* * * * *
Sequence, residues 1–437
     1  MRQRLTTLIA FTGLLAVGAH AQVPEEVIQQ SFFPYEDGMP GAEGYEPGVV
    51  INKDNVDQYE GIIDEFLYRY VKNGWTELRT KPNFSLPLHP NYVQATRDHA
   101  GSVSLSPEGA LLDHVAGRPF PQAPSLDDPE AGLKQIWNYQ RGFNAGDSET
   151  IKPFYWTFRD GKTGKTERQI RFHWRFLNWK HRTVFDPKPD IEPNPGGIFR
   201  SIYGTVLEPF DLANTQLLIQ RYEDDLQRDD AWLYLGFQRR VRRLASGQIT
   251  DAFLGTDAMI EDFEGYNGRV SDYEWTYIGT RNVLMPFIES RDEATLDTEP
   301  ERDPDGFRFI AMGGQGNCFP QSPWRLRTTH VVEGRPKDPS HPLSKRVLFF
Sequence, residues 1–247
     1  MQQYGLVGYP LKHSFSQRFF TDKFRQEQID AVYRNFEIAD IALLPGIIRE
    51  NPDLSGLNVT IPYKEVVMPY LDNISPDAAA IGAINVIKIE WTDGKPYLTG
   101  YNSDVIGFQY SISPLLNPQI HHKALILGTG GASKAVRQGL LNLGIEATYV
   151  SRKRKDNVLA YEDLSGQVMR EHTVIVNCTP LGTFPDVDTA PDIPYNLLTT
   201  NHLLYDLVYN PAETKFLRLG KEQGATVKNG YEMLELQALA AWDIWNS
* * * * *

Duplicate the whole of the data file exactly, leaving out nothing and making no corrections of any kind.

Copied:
Sequence, residues 1–437
     1  MRQRLTTLIA FTGLLAVGAH AQVPEEVIQQ SFFPYEDGMP GAEGYEPGVV
    51  INKDNVDQYE GIIDEFLYRY VKNGWTELRT KPNFSLPLHP NYVQATRDHA
   101  GSVSLSPEGA LLDHVAGRPF PQAPSLDDPE AGLKQIWNYQ RGFNAGDSET
   151  IKPFYWTFRD GKTGKTERQI RFHWRFLNWK HRTVFDPKPD IEPNPGGIFR
   201  SIYGTVLEPF DLANTQLLIQ RYEDDLQRDD AWLYLGFQRR VRRLASGQIT
   251  DAFLGTDAMI EDFEGYNGRV SDYEWTYIGT RNVLMPFIES RDEATLDTEP
   301  ERDPDGFRFI AMGGQGNCFP QSPWRLRTTH VVEGRPKDPS HPLSKRVLFF
Sequence, residues 1–247
     1  MQQYGLVGYP LKHSFSQRFF TDKFRQEQID AVYRNFEIAD IALLPGIIRE
    51  NPDLSGLNVT IPYKEVVMPY LDNISPDAAA IGAINVIKIE WTDGKPYLTG
   101  YNSDVIGFQY SISPLLNPQI HHKALILGTG GASKAVRQGL LNLGIEATYV
   151  SRKRKDNVLA YEDLSGQVMR EHTVIVNCTP LGTFPDVDTA PDIPYNLLTT
   201  NHLLYDLVYN PAETKFLRLG KEQGATVKNG YEMLELQALA AWDIWNS